As told to Meredith Graves, 3269 words.
Tags: Magic, Writing, Process, Beginnings, Mental health, Focus, Inspiration.
On valuing what you already knowTarot author Jessica Dore discusses the time it takes to refine your craft, drawing on the knowledge you possess, and the value of making your work accessible.
How do you think a person goes about—or should go about, maybe—developing a practice with the tarot, developing a style and a voice?
I think people need to value the knowledge that they have from whatever fields or areas they’re really into. For me, that was what it was. I was working in self-help publishing for years and reading about psychology, reading about behavior and change. And when I got my first tarot deck, I was really entrenched in a lot of these ideas: mindfulness, acceptance and self compassion, distress tolerance, emotion regulation. When I started to look at the cards, I saw those things. I think there’s a lot of ways to connect whatever it is that you’re really excited about with tarot, with the images and the symbols.
So I think when it comes to building a tarot practice, it’s starting where you are and really honoring the knowledge that you’ve gathered. For a time I wanted to be a therapist, and I trained in graduate school to be a therapist. I remember having this experience doing my clinical internships, realizing all of the lived experience that I’ve had with mental illness. Basically, “I can use that knowledge. Finally, I can use that knowledge somewhere and work with other people who are having similar experiences.” It’s this idea of being able to draw on what you know, even if you think that what you know is useless, or doesn’t have value.
It seems like so much beauty has come out of you being willing to approach material that can be difficult, or scary, in a way that drives you to make these generous offerings to the community and to other people. How do you approach stuff-that’s-difficult?
It just takes a long time—with tarot, with learning about psychology, with learning about behavior change, with learning about how to experience emotions and tolerate distress, any of those things. I started to notice changes in my life after working with these psychology books and manuals and self-help books and workbooks for a few years after reading them. Reading these ideas, sometimes over and over and over again, it’s almost like a mantra or something that you just have. It gets ingrained in you. Then you start to see: “Oh wait, I’m having a feeling that I want to escape. And I know that I’m going to do this thing to get away from it and okay, at least I’m seeing that I’m doing it, I’m going to do the thing anyway.” Gradually you start to notice those things.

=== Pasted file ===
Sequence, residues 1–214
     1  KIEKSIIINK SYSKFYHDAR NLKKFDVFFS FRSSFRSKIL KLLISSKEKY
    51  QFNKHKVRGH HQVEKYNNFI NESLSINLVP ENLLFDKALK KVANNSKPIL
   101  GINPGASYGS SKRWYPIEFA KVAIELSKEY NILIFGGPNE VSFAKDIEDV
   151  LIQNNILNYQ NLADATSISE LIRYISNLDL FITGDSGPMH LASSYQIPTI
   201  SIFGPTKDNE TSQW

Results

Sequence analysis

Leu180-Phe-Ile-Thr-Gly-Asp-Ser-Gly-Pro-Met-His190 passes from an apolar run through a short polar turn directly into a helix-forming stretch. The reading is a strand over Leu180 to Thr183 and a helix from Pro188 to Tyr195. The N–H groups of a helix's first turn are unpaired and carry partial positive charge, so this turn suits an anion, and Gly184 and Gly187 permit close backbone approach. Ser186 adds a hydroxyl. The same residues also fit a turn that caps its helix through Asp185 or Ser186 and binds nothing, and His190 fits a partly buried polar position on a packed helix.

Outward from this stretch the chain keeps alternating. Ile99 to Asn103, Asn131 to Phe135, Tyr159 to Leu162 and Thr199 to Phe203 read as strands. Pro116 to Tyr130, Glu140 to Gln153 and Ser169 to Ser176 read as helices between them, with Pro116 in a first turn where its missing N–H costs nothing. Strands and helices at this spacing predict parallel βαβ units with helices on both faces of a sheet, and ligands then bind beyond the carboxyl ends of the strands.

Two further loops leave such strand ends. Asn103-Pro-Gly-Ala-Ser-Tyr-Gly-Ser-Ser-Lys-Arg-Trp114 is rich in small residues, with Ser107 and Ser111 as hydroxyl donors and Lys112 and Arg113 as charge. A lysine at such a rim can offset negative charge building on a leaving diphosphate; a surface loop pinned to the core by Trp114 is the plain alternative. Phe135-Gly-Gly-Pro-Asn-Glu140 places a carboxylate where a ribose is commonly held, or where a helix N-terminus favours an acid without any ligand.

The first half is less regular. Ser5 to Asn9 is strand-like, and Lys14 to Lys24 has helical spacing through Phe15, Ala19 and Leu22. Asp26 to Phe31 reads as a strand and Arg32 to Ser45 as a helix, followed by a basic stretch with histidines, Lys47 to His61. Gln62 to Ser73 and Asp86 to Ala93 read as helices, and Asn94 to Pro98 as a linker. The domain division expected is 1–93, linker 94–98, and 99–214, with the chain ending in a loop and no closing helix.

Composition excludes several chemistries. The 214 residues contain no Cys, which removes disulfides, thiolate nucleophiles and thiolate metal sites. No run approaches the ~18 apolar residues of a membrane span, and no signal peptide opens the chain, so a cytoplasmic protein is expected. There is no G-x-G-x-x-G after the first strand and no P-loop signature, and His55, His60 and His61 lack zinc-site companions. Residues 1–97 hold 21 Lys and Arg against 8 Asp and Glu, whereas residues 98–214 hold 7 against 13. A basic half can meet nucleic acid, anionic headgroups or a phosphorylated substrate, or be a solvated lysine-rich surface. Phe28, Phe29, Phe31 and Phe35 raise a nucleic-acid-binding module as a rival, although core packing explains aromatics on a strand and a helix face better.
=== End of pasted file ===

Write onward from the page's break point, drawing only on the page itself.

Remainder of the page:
And same with tarot. I spent probably three years pulling a card every morning and every night when I first got my deck, just getting to know the cards. Yeah, there’s no way around the time that things take, and learning. I think, “I’m loving the process” or, “I’m not loving the process,” but understanding that the process is the thing.
Right now we’re in a moment where a lot of people are talking about spirituality and tarot and witchcraft and similar topics on the internet, and not all of them are doing it with the size of audience that you’ve accumulated over years of making this work publicly available. What is it like to talk about arcane subject matter with an audience that size, on platforms like Twitter?
Well, it’s interesting because to me, the captions and the daily cards on Twitter, for example, the subject matter itself is usually not too esoteric at all. That’s sort of the way it was able to amass a following. It was like, okay, I’m going to take these ideas that I was exposed to over several years of studying these behavioral science and behavioral health topics, and ideas about being human, and trying to grow and change and learn and understand the mechanics of how this human apparatus works with the thoughts and the feelings and the energy and the behavior, and how these things interact—and pairing them with an image from specifically one of Pamela Colman Smith’s [tarot] images. It’s never been totally clear to me whether I’m writing about tarot or I’m writing about the human experience. When I pitched my book, I actually was sort of like, “I kind of feel like this is a self-help book that’s illustrated by tarot cards. Here’s all these ideas, and here’s an image that goes really well with this idea.” So it’s never felt like I’m trying to communicate something really esoteric.